How to Calm Down a Child When They’re Having a Meltdown

May 6, 2022

Depending on when you’re reading this article, chances are good that you’re spending a whole lot more time than usual with your child.

It’s a scary and confusing time for adults and children alike, and it’s easy for tempers to flare, and children to become upset or confused at the drop of a hat. So I figured that now was a great time to solicit advice on how to calm down a child when they’re scared, frustrated, or flat out having a meltdown.

HOW TO CALM DOWN A CHILD WHEN THEY’RE UPSET

Theresa Bertuzzi, Co-Founder of Tiny Hoppers

Sometimes your child is having a meltdown, and you’re at a loss of what to do. As parents are spending more time at home with their children, it is crucial to find useful techniques that help calm them down.

We often underestimate the power of taking big deep breaths. Sit your child down and guide them through deep breathing exercises. Repeat to them, “deep breath in (hold), deep breath out (exhale),” they will replicate this behaviour. This way, your child can take a few minutes to gather their thoughts and feelings to express them in a non-hurtful way.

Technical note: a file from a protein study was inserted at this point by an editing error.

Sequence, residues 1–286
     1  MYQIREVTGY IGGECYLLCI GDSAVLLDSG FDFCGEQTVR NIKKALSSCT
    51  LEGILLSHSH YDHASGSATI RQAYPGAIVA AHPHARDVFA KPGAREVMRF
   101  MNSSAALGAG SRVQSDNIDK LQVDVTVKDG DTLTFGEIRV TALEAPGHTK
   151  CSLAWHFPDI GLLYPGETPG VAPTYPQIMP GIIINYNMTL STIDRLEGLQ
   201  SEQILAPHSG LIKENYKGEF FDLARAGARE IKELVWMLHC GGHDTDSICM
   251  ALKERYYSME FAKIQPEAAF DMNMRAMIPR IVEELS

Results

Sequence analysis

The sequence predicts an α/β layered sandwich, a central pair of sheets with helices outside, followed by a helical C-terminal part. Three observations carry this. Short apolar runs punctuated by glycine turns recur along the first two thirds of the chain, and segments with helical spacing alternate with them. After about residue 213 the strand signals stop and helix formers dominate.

Designate a place where they can go to sit down and calm down. This place is not meant to be treated like a “time out” space, as children will associate this as a negative thing. Creating a peaceful spot for your child to de-stress is a fantastic way for them to take a moment and reflect.

Direct your child’s attention to something else. If you’re a kid that has been cooped up inside for hours and is having a meltdown, go outside and get your body moving. The brain will clear itself of negative emotions and flood with endorphins.

It is essential to teach your child to think before speaking (especially if they’re angry). This is a compelling skill to start developing as a child! Taking a pause and just counting in your head, whether it be to 10 or 100, will prevent blurring out regretful things.

As there are many music platforms available to us, it is vital to take advantage of them. Create a playlist with happy and calming music. When your child is practicing their deep breathing or in their space, play some music. It is a powerful and calming tool that is always handy to have. It might also be as simple as hugging your child. Children often have meltdowns because they are looking for attention from their loved ones. Squeeze them tight and tell them that everything will be okay.

Finding a technique (or multiple) that will work for your child will require some trial and error. By continuing to practice together, you will surely find what works best for your child!

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